In the following, details of the numerical implementation and the application to a real ablation scenario are presented. More precisely, the next sections are organized as follows: In Sect. 5.2 the dimensional reduction of the Bioheat-Transfer-Equation and all steps of the precalculation yielding the criticality tubes of vital tissue around large vessels, as well as the determination of the maximal probe-vessel distances are described. In Sect. 5.3 the model ﬁrstly developed for a sample conﬁguration of an inﬁnitely long linear vessel (or more precisely a vessel segment), is combined to a model for full vascular trees. Finally in Sect. 5.4, results for the application of the model to real patient data are shown, followed by conclusions and several ideas for future work presented in Sect. 5.5.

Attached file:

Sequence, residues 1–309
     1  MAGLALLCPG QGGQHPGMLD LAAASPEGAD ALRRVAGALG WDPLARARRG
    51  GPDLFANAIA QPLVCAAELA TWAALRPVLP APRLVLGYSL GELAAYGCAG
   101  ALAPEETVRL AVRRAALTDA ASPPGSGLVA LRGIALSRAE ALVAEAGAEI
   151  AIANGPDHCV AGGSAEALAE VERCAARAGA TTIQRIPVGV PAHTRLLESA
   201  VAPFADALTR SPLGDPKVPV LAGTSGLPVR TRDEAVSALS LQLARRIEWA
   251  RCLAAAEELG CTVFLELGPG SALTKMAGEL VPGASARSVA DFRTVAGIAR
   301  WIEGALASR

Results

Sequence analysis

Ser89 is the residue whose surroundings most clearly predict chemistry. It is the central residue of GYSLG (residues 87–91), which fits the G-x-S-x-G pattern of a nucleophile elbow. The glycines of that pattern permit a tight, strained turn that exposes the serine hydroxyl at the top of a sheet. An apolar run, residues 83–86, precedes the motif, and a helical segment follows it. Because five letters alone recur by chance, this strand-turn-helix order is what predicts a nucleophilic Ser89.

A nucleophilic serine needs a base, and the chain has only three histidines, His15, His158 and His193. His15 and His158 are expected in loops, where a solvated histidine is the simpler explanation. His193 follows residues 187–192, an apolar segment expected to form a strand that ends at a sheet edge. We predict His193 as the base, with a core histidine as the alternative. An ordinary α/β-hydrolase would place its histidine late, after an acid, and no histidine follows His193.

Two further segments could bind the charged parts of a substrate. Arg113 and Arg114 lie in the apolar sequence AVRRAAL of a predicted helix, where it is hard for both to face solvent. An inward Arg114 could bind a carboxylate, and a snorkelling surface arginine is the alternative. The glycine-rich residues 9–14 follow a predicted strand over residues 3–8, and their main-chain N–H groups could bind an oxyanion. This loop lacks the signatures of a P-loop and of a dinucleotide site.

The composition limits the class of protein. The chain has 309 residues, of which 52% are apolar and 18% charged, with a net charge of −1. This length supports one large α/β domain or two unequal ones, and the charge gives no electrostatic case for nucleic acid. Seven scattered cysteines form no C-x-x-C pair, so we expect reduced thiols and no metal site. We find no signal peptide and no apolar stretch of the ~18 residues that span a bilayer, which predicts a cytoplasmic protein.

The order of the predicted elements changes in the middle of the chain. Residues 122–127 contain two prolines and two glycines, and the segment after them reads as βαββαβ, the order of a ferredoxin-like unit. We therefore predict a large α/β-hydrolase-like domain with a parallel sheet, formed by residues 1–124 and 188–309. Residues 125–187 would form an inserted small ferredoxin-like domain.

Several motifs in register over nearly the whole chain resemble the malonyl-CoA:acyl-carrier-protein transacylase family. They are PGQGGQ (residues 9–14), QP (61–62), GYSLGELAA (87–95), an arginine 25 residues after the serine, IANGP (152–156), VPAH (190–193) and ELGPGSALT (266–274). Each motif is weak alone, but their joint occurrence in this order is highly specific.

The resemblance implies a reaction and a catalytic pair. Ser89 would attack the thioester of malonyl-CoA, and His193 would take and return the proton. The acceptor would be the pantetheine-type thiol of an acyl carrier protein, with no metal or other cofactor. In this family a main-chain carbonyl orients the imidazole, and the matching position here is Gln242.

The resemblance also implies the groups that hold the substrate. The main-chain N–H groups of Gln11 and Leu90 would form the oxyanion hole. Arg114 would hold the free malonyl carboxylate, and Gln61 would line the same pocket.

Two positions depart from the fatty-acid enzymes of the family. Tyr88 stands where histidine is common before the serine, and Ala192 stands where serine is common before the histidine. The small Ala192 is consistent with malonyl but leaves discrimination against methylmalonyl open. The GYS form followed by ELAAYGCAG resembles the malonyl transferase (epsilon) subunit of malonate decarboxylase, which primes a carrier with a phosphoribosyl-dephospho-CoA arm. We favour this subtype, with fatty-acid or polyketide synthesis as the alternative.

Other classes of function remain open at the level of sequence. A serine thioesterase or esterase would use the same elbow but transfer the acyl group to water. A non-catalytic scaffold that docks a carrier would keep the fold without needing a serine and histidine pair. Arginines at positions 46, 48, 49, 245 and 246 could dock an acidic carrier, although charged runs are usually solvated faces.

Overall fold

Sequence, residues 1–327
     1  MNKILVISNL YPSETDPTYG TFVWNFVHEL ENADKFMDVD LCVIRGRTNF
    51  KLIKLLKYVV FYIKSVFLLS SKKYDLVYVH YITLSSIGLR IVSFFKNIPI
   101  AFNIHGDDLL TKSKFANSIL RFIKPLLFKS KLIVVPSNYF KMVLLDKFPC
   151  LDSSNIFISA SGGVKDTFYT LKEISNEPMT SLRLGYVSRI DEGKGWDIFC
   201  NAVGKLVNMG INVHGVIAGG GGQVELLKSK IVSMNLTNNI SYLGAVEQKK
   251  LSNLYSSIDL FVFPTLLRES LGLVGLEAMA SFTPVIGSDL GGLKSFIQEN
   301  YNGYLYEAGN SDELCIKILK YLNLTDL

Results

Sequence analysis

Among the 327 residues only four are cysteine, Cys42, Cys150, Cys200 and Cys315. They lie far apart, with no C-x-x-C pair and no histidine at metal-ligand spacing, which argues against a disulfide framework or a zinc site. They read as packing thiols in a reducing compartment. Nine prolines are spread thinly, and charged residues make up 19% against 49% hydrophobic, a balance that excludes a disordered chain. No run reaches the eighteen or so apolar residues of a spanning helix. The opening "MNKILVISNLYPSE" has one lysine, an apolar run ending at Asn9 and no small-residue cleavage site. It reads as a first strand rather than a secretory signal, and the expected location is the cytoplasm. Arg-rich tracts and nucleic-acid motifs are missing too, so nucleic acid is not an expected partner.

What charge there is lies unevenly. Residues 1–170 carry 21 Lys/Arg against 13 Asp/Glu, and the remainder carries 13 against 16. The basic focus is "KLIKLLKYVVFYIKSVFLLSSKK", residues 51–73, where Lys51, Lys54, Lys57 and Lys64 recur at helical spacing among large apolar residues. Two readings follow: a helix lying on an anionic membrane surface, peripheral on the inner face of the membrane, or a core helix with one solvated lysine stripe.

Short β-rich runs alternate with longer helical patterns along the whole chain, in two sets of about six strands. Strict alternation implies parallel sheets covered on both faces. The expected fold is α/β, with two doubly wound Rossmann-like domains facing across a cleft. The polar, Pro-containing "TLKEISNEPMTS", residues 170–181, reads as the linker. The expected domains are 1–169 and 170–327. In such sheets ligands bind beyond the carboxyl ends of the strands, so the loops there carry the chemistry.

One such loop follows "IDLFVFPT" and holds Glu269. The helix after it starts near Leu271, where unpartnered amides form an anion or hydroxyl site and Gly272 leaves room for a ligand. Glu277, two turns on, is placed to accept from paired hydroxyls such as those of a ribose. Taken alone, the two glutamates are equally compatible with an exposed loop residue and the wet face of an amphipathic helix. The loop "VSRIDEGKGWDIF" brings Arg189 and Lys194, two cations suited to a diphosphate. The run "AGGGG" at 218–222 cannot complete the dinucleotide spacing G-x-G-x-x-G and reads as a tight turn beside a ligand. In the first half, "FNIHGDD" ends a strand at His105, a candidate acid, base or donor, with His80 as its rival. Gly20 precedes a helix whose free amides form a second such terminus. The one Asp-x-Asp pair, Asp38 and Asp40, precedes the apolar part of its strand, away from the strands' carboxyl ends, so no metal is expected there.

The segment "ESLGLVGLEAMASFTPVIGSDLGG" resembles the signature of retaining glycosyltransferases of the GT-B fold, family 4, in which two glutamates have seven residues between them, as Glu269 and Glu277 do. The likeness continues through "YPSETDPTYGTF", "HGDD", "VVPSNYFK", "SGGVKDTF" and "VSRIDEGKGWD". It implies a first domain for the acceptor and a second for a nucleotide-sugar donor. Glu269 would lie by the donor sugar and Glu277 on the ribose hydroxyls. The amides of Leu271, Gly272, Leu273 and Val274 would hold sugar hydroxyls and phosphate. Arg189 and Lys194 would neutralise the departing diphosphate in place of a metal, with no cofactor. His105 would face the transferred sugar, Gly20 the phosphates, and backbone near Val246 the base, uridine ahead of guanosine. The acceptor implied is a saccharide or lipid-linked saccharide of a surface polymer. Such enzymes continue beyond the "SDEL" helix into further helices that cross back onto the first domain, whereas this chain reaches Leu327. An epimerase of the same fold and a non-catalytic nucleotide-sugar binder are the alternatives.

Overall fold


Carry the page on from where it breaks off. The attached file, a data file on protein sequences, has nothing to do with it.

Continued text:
Figure 5.1: Change of the perspective in considering the heat equation. Left: Previous perspective, i. e. propagation of heat from the probe into the surrounding tissue. Right:

New perspective, i. e. propagation of the cooling eﬀects from a blood vessel into the tissue.

Unfortunately, the calculation of such a value for the maximal distanced_{max}
be-tween the RF probe and large vessels (which has to be determined for each point of
the tumor) cannot be performed analytically. Hence, as initial step, the temperature
proﬁle around each vessel, or more precisely, the thicknessd_{vt}of a vessel surrounding
tube of vital tissue, is calculated in advance depending on the corresponding vessel
radiusR_{bv} and distancedbetween the RF probe and the respective vessel. Thereby,
the tissue is considered to be vital, if the tissue temperature stays below a certain
critical temperature T_{crit} which here is assumed to be ﬁxed at 50^{◦}C. An idea for